Updated from 3:01 p.m. EST
Crude oil erased losses Friday, ending a brief pullback.
The benchmark U.S. crude closed up 89 cents at $54.43 in Nymex floor trading. On Wednesday, oil traded as high as $55.65, just 2 cents shy of its record intraday high set last October.
Traders say it is still just a matter of time before oil surpasses its closing record high of $55.17, also set last October.
The turnaround in prices Friday came after a report by the International Energy Agency that showed increased demand in China, which has become a major consumer as it imports a vast amount of energy supplies to accommodate an economic boom.
Prices have risen about 10% in the past three weeks, breaking $50 a barrel for the first time since last October, when prices routinely hit record highs.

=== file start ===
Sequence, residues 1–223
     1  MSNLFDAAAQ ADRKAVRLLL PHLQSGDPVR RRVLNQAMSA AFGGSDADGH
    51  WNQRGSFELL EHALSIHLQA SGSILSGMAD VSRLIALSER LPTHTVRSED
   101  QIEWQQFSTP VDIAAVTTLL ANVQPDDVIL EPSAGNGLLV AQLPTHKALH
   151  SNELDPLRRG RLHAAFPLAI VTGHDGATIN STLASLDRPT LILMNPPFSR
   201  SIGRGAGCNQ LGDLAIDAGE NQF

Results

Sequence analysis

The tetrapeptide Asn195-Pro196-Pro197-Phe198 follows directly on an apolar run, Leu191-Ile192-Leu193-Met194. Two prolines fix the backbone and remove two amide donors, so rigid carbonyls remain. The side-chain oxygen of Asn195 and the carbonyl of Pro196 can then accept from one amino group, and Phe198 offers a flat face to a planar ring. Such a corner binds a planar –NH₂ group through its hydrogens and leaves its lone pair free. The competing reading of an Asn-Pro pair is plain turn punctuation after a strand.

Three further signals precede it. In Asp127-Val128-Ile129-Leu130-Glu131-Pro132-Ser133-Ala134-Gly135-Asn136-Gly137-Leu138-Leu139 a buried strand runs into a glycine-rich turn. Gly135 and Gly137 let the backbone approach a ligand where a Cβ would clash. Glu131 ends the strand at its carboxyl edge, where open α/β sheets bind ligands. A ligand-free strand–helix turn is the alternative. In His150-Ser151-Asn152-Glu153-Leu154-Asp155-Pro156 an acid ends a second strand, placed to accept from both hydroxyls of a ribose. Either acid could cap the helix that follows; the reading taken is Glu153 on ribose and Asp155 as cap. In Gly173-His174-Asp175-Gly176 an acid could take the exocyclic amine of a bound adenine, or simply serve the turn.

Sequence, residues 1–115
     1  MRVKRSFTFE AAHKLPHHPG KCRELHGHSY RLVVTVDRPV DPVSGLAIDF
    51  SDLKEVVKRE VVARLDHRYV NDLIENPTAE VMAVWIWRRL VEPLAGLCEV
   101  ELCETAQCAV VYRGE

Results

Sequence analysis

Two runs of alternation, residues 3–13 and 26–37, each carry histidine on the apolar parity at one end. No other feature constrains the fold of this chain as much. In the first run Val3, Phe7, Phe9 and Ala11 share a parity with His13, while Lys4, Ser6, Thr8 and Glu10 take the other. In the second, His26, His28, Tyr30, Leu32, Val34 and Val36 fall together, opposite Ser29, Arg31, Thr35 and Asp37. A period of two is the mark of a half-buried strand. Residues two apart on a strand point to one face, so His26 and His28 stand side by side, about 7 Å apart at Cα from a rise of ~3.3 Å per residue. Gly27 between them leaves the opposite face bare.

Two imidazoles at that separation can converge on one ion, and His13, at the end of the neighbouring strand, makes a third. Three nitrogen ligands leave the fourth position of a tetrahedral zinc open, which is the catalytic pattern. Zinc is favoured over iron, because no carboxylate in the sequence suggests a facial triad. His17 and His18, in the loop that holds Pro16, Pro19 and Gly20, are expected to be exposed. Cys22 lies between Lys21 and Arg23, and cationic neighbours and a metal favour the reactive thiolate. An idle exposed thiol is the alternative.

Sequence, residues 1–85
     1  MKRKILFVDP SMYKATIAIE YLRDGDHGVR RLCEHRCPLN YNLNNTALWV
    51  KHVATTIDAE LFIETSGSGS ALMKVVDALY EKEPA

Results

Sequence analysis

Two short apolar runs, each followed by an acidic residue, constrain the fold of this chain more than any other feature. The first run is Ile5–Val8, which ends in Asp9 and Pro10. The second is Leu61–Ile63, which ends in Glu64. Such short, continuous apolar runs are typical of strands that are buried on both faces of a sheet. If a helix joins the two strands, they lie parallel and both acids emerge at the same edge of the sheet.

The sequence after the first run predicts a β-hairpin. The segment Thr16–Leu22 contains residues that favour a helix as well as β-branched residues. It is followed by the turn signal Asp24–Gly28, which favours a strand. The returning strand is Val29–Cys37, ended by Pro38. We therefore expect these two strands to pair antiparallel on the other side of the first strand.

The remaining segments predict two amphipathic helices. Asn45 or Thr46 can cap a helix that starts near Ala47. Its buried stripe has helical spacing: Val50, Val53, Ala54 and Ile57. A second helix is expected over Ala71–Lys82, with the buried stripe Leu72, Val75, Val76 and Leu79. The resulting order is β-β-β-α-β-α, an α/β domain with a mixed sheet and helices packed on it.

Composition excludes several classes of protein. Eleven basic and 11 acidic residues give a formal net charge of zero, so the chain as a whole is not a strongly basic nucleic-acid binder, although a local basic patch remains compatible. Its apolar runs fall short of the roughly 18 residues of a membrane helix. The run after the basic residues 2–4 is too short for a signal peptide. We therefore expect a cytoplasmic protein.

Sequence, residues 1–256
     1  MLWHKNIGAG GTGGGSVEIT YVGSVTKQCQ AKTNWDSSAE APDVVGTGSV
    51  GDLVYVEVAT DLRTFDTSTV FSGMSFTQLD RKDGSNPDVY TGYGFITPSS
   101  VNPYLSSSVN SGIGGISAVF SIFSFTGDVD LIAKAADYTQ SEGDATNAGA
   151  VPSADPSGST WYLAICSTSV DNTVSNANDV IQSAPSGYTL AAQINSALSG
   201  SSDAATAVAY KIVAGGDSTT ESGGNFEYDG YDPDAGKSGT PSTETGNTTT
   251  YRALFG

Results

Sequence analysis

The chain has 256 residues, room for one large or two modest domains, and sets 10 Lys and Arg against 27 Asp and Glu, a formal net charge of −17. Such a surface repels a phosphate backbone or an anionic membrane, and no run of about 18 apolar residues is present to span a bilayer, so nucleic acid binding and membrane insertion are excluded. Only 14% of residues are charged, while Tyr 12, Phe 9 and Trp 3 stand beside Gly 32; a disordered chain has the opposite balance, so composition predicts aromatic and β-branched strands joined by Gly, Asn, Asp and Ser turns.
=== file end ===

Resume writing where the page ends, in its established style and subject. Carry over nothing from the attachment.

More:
Worries about heating oil supplies amid a prolonged bout of unseasonably cold late-winter weather, as well as questions about OPEC's production plans ahead of its regular meeting March 16, have stoked prices.
The latest surge comes amid daily speculation about whether OPEC plans to keep production at its current official level of 24 million barrels a day. The cartel cut production by a million barrels a day, effective Jan. 1, having boosted production three times by a total of 2.5 million barrels a day in the second half of last year as prices marched irrevocably higher.
U.S. inventory data out Wednesday morning showed a larger-than-expected decline in distillates, which include heating oil. Gasoline stocks declined unexpectedly. Crude oil inventories, however, came in well above consensus.